Shakespeare's Beehive: analysis of newly discovered dictionary that Shakespeare owned and annotated


#1

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#2

This is an amazing resource if it did belong to Shakespeare and valuable no matter what, but the question of whether it is his or not is unresolved -- http://collation.folger.edu/2014/04/buzz-or-honey-shakespeares-beehive-raises-questions/


#3

I wonder what notes he has by the bottom-grass entry?


#4
the linguistic evidence is strong enough to convince all but the most wilful and perverse doubters

Does that mean that there is no hope in convincing the average Boing Boinger?


#5

I for one am convinced this dictionary was actually owned by Francis Bacon, although he may have lent it to Shakespeare from time to time.


#6

Having bought "The First English Dictionary (1604) when it was reprinted in 2007, I feel I've been had. I've looked at a third of this amazing 1580 book, and I can confirm it's extremely exciting. The annotations are consistent with the book's editor preparing a new edition, adding many new words (though without definitions).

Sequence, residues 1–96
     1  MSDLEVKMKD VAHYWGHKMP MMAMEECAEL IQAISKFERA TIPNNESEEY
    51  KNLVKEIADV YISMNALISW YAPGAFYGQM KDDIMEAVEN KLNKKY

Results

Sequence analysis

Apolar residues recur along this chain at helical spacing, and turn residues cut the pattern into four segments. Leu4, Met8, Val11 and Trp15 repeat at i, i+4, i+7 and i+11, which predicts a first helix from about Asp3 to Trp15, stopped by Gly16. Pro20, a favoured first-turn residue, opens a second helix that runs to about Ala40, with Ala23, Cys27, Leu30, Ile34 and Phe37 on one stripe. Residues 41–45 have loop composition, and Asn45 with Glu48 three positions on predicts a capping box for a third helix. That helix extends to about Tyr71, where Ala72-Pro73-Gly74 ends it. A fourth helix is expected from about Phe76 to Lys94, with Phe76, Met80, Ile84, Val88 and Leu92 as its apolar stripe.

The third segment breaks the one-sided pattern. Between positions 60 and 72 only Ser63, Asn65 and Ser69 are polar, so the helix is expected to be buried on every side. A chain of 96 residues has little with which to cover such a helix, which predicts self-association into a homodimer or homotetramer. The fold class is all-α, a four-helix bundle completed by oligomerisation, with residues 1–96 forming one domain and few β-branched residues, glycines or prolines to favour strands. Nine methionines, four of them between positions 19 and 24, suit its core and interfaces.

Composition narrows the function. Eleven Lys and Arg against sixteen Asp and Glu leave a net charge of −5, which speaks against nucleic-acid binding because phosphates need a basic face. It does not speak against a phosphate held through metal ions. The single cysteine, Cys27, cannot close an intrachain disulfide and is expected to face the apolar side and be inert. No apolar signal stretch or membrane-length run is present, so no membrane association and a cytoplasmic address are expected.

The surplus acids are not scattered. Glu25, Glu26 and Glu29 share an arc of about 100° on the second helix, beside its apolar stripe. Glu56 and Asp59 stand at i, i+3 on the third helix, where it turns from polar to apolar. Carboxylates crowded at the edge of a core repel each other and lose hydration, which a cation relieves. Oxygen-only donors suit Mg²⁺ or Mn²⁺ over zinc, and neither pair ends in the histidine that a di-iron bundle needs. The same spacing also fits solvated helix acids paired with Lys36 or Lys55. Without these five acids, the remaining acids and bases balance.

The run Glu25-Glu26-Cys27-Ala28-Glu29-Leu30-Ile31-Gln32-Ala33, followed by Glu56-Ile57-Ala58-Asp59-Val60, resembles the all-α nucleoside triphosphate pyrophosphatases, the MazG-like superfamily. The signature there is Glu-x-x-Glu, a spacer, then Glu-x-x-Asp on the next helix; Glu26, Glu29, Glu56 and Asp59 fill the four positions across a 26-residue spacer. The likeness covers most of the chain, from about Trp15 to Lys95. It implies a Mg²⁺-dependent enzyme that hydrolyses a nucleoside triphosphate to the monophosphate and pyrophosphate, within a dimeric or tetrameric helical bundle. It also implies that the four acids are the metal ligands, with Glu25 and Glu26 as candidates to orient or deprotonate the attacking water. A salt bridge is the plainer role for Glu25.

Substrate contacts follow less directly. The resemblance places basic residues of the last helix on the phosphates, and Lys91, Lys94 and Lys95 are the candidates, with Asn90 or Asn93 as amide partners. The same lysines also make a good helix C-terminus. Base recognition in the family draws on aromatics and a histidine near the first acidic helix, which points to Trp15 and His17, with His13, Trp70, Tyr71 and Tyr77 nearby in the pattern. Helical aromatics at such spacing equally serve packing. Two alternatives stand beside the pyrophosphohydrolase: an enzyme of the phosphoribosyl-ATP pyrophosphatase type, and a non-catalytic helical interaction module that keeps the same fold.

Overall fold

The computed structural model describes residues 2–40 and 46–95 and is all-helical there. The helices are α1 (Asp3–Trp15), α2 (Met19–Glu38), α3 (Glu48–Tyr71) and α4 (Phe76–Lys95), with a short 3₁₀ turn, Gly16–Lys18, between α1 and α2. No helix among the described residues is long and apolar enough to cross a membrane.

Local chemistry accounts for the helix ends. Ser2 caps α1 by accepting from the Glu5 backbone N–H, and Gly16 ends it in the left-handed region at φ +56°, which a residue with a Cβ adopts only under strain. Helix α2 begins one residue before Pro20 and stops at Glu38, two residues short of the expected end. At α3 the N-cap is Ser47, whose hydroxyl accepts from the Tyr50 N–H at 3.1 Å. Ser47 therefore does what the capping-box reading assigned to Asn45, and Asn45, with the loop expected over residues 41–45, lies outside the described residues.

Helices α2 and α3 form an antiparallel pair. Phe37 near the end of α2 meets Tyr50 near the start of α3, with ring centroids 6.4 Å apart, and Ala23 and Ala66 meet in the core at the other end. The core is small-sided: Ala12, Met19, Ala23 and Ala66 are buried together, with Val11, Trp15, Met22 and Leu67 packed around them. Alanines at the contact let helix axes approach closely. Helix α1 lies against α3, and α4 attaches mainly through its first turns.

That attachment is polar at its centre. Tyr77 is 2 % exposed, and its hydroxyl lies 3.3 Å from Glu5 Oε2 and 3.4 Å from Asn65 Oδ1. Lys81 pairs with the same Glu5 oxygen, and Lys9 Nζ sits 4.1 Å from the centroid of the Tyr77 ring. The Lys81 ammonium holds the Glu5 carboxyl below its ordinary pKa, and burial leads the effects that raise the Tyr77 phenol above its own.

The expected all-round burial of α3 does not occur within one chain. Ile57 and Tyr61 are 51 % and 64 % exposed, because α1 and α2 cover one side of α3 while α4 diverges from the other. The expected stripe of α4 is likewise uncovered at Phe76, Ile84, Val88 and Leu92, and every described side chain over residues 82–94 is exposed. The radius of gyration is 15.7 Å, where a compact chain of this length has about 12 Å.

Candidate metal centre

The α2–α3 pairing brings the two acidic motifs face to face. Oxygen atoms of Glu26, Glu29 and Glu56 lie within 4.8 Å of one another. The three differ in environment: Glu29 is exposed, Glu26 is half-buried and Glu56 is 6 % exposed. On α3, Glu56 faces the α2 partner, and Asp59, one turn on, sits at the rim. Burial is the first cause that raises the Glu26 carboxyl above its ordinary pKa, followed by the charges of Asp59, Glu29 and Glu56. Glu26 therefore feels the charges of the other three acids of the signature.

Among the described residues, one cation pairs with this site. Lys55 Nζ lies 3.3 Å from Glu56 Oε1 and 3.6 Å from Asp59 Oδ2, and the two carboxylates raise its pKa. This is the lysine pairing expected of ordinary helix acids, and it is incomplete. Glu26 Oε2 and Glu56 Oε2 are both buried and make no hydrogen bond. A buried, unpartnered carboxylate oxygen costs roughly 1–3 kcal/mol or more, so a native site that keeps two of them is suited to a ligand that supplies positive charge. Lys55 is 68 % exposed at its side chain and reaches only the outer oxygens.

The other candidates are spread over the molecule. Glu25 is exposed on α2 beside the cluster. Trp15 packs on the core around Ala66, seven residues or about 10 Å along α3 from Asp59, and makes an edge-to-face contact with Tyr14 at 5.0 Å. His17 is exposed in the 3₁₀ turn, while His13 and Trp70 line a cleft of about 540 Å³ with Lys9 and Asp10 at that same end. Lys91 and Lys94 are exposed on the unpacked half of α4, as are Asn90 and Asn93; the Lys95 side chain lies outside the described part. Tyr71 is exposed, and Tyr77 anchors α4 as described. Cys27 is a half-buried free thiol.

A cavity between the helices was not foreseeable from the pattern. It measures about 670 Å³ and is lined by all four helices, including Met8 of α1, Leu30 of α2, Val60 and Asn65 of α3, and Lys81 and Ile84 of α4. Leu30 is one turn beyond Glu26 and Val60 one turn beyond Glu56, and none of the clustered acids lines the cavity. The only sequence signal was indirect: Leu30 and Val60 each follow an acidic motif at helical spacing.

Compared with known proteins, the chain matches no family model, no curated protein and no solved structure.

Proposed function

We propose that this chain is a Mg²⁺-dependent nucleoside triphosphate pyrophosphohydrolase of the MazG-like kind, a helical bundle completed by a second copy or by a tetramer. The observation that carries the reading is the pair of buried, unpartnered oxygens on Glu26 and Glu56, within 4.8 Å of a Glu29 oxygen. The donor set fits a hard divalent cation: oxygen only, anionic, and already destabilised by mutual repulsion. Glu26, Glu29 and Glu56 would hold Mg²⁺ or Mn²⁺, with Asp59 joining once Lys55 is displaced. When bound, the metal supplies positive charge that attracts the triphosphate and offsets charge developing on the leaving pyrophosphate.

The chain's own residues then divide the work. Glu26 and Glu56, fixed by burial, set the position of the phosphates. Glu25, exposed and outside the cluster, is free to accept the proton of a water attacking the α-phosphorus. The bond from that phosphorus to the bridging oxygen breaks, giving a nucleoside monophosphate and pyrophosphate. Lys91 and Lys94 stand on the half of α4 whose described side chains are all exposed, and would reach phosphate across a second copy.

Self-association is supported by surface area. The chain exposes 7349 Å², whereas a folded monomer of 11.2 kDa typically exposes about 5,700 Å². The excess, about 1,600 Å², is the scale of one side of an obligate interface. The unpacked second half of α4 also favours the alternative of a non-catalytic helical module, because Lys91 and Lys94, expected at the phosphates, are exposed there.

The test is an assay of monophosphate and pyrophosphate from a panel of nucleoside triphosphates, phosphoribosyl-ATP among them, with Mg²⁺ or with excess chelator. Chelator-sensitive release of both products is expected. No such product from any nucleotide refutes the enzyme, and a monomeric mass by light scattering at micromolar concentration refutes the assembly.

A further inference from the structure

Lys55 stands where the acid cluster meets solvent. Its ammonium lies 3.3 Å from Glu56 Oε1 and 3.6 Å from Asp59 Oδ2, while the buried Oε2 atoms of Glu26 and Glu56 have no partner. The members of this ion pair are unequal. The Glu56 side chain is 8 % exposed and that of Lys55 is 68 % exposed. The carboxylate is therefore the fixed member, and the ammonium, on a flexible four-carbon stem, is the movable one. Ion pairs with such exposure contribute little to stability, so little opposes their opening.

I can also confirm that the annotations are not in the hand of William Shakspere of Stratford. Truth be told, we have nothing in his handwriting to compare this with. Contrary to what you may have thought, even the six signatures we supposedly have are so different from one another than they weren't made by the same person.

Other than circular reasoning, there is absolutely no evidence that he was literate. He was an unusually successful (if unscrupulous) businessman. He was fined for hoarding grain during a famine (the original version of his Stratford momument shows him holding-- or hoarding-- a sack of grain; only more than a century later were the quill and paper added). No, we have no evidence he attended the Stratford grammar school.

The whole misunderstanding is based on our ignorance about the importance of authorial anonymity in Elizabethan England.


#7

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